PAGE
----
Reevaluating Settlement Policy
But the isolated ideological settlements have been detrimental economically and socially. The vast funds poured into them could have been better used expanding educational services and building infrastructure. They have consumed security resources that could have been better used elsewhere. The man-hours spent guarding settlements have undermined the army’s training regime, something which became painfully apparent during the second Lebanon war. They have also created a de facto border more than four times the length of Israel’s border before the Six-Day War. Simple security calculus dictates that diminishing concentrations of soldiers on longer lines of defense equals less security, while higher concentrations of soldiers on shorter lines of defense equals more security.
Almost every embarrassing political difficulty Israel has experienced since the Six-Day War has been because of these ideological settlements or their supporters, and not a single country in the world has changed its mind regarding the official, legally constituted borders of the State of Israel because of them, including and especially the United States.
The have generated alienation within segments of Israeli society. Many Israelis find the settlement subculture abhorrent and resent doing reserve duty because of it. By identifying Zionism with the settlements and calling the opponents of settlements post-Zionists and even anti-Zionists, the settlers themselves have contributed to the spread of post-Zionism. The erosion of Zionist moral self-confidence on the part of large segments of the Israeli public begins with the misguided settlement project. The question is not whether the settlers are brave and idealistic but whether the settlement project contributes to or detracts from the values, goals, and aims of Zionism as it redefines itself in the 21st century.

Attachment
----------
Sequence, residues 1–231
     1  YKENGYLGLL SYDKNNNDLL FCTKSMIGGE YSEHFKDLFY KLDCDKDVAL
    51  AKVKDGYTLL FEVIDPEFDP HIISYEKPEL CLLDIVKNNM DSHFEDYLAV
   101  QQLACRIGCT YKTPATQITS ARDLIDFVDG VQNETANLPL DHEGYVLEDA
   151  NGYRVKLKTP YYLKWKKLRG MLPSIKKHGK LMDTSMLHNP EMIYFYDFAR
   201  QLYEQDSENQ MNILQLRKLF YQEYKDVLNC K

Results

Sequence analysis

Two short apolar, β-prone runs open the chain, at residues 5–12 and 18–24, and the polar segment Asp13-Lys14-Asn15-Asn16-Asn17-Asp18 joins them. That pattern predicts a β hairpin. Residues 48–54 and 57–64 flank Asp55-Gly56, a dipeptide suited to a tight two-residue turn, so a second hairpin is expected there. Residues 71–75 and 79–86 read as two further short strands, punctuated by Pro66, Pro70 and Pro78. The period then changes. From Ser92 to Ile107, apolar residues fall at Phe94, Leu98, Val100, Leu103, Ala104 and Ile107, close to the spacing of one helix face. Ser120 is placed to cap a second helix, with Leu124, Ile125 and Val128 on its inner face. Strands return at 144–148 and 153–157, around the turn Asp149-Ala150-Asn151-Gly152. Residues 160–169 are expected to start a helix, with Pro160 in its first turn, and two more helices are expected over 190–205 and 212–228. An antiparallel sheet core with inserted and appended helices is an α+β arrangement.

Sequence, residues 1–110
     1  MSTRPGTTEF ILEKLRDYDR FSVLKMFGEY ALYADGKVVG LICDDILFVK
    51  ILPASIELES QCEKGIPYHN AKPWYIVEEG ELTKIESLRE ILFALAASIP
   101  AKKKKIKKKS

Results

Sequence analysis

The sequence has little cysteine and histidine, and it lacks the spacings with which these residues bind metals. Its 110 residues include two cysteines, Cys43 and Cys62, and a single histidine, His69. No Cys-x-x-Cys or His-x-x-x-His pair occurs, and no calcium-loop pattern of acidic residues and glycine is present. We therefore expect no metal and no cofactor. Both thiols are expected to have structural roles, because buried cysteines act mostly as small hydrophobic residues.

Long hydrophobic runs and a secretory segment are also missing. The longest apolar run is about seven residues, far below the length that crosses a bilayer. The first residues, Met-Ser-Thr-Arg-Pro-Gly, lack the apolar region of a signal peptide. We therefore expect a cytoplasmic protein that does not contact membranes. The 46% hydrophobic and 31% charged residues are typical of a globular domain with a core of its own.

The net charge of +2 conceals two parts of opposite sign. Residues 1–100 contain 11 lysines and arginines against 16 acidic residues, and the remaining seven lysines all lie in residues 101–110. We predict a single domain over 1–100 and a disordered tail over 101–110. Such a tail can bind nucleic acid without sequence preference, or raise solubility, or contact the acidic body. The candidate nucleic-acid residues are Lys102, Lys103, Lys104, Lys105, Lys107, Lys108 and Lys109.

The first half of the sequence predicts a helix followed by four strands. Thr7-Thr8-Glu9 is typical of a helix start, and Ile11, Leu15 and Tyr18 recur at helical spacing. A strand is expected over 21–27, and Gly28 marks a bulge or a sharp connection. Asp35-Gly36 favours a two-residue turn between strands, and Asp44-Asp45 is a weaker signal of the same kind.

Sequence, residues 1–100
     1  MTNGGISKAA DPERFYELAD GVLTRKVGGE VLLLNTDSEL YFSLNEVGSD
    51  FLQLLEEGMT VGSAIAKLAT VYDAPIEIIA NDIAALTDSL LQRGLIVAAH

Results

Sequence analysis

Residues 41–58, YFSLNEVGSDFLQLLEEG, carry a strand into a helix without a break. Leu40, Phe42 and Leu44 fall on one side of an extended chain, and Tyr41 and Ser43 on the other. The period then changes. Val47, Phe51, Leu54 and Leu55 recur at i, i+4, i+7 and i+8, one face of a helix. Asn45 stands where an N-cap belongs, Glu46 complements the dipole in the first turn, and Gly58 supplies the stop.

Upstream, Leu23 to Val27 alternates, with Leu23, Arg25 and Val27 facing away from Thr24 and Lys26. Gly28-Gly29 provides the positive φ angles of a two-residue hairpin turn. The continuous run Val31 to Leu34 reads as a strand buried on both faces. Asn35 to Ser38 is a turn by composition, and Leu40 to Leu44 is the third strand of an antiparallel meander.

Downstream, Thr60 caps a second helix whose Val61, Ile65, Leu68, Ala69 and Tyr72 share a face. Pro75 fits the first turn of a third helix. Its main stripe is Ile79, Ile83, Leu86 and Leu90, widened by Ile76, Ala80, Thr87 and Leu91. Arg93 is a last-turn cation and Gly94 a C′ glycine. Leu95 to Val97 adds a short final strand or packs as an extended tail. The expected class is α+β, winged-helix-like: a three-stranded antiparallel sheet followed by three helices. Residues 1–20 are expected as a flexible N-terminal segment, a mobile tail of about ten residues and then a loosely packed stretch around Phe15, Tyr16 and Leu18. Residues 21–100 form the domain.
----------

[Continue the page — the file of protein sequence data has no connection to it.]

The British Light Brigade was composed of men who were brave and idealistic beyond measure, but their famous charge was an example of colossal stupidity. General Lee’s Confederate soldiers were brave and idealistic beyond measure, but that doesn’t mean that Pickett’s charge at Gettysburg was smart or that the cause they represented was sublime. One might wonder if Israel’s settlement policy is not the political equivalent of the ill-fated British landing at Gallipoli in World War I, upon which the German Admiral De Robeck commented, “Gallant fellows, these soldiers; they always go for the thickest place in the fence.” Israel’s settlement policy compels Israeli diplomacy to always try to break through the thickest part of the diplomatic fence, the one and perhaps only place where Arab political superiority is manifest.
In political life, stupidity is the greatest sin, not immorality or illegality. Stupidity does greater harm to our fellow human beings than immorality. If we were to judge what is pro-Zionist and what is anti-Zionist according to their contribution to or their deleterious effect on Israel’s economy, security, society, and overall morale and moral fortitude, we must conclude that the ideological settlements in the occupied territories constitute the most anti-Zionist activity conducted by any group of Jews since the advent of the Zionist project itself.
Tsvi Bisk Director
Center for Strategic Futurist Thinking
A division of Ziv Group Ltd